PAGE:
to have the same opportunities that you experienced. Our No. 1
challenge is to maintain excellence while remaining affordable and
accessible without burdening students with mountains of debt.
Private funding, including scholarships, will help us meet this
challenge.
Illinois State recently jumped two spots on U.S. News & World
Report’s rankings of the top public universities in the U.S., to 81st in
the nation. One of the reasons: Illinois State maintains a graduation
rate of 71.5 percent, far above the national average of 56 percent for
public universities.
This fall Washington Monthly confirmed the value of an
investment in an Illinois State education by ranking us among the
top 50 universities in the country on its “Best Bang for the Buck”
list, based on our high graduation rate, affordability, and low loan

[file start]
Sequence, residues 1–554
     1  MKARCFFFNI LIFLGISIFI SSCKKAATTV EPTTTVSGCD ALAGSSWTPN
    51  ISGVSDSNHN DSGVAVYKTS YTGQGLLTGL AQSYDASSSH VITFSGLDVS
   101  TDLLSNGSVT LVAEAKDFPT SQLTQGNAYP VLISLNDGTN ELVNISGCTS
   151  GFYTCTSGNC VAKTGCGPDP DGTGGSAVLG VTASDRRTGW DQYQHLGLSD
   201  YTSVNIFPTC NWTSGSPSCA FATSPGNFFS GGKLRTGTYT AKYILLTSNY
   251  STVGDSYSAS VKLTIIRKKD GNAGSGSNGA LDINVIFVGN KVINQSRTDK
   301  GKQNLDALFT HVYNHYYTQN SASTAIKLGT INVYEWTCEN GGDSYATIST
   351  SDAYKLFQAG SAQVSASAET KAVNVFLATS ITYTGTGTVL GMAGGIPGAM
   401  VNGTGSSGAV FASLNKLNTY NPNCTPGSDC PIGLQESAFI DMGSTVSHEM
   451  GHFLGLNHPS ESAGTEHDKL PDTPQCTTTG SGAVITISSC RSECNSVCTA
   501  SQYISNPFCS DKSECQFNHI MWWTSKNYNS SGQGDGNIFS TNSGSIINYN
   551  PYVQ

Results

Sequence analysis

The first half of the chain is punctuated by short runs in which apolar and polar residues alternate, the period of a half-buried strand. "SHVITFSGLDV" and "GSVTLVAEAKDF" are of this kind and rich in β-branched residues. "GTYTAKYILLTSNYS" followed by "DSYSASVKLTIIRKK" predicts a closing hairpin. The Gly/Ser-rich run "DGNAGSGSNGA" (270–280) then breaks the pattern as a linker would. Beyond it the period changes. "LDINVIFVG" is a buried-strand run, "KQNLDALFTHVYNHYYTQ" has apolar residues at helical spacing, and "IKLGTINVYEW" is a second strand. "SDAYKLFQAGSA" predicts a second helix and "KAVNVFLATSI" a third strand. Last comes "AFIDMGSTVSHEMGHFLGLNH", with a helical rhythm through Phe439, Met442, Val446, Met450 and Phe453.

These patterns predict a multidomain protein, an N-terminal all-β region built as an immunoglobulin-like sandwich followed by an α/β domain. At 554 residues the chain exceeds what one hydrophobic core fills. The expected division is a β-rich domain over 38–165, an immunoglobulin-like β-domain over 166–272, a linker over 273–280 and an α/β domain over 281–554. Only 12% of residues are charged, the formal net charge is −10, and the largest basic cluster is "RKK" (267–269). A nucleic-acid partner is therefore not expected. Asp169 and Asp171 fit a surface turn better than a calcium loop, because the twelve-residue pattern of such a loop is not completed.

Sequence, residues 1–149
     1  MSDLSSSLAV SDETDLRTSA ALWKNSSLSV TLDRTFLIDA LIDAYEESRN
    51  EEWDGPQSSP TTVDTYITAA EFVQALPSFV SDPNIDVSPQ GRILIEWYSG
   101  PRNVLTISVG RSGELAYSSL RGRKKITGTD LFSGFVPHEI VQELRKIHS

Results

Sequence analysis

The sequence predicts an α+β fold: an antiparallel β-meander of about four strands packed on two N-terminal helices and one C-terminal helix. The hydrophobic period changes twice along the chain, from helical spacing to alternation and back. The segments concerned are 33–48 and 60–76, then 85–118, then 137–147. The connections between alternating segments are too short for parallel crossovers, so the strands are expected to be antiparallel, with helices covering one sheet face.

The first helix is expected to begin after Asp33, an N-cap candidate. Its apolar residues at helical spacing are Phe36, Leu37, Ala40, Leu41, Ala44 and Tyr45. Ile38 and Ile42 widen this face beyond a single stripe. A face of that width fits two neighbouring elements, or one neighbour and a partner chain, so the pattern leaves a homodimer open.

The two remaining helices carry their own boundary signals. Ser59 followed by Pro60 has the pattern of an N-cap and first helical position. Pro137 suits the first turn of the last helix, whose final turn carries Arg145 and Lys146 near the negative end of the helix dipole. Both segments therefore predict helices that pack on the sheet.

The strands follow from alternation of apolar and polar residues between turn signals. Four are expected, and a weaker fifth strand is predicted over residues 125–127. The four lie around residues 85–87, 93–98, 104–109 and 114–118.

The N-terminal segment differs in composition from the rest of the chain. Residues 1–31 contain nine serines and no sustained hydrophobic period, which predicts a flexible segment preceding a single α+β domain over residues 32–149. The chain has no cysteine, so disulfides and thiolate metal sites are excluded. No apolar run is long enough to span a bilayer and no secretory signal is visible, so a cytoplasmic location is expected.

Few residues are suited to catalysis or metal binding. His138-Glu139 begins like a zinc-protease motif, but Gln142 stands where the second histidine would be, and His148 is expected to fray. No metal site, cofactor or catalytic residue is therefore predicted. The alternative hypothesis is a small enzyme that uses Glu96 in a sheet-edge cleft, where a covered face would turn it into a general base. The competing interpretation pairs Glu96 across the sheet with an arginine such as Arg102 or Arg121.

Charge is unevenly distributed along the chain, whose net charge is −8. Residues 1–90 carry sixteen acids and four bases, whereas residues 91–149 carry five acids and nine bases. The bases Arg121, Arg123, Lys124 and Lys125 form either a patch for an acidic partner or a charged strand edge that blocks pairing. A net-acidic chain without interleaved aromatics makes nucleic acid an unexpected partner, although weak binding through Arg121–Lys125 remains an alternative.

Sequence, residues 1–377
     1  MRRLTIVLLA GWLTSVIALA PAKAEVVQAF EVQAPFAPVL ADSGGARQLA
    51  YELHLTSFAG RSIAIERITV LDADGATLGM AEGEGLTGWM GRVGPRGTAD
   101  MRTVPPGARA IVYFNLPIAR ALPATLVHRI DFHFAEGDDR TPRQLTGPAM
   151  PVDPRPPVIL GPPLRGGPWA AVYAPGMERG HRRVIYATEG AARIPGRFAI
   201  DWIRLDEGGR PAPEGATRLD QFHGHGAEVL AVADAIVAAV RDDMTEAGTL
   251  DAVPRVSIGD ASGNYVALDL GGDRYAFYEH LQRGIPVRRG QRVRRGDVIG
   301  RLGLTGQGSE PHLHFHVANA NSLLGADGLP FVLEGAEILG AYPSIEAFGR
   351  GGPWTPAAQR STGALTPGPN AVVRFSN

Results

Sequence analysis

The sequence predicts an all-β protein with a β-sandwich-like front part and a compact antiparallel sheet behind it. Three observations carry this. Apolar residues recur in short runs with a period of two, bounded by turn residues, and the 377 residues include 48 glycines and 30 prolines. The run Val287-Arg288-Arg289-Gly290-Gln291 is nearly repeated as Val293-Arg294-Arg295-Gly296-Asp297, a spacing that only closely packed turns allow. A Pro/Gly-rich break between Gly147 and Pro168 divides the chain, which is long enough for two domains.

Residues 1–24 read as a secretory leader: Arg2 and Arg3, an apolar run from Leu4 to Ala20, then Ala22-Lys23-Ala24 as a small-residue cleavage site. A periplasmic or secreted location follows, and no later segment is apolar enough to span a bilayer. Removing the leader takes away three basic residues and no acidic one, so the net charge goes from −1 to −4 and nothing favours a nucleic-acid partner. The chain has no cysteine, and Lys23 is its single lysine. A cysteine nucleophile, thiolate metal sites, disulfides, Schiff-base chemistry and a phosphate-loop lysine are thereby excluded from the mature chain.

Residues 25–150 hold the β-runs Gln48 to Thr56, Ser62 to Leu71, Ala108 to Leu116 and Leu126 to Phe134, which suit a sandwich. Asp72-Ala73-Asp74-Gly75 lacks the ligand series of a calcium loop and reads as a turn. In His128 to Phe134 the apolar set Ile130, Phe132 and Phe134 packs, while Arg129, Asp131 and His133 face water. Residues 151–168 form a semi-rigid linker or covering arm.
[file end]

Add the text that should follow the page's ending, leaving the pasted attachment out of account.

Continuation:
default rate of alumni. The loan default rate for Illinois State is only
8 Illinois State University College of Business
G
I
B
G
N
3 percent, while the Illinois average is 14.4 percent and the national
average is 13.4 percent. More than 78 percent of Illinois State
students receive some type of financial aid each year.
Thinking Big will mean something different to everyone. Maybe
making your first gift to support the College of Business is Thinking
Big. Increasing your annual gift might be Thinking Big. And to
others, establishing a legacy by creating an endowment or including
a gift provision in your estate planning is Thinking Big.
Every gift is important, and every gift makes a difference in the
life of a student. Thank you for your continued support and faith
in the quality of an Illinois State University education.
NUAL
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IT WI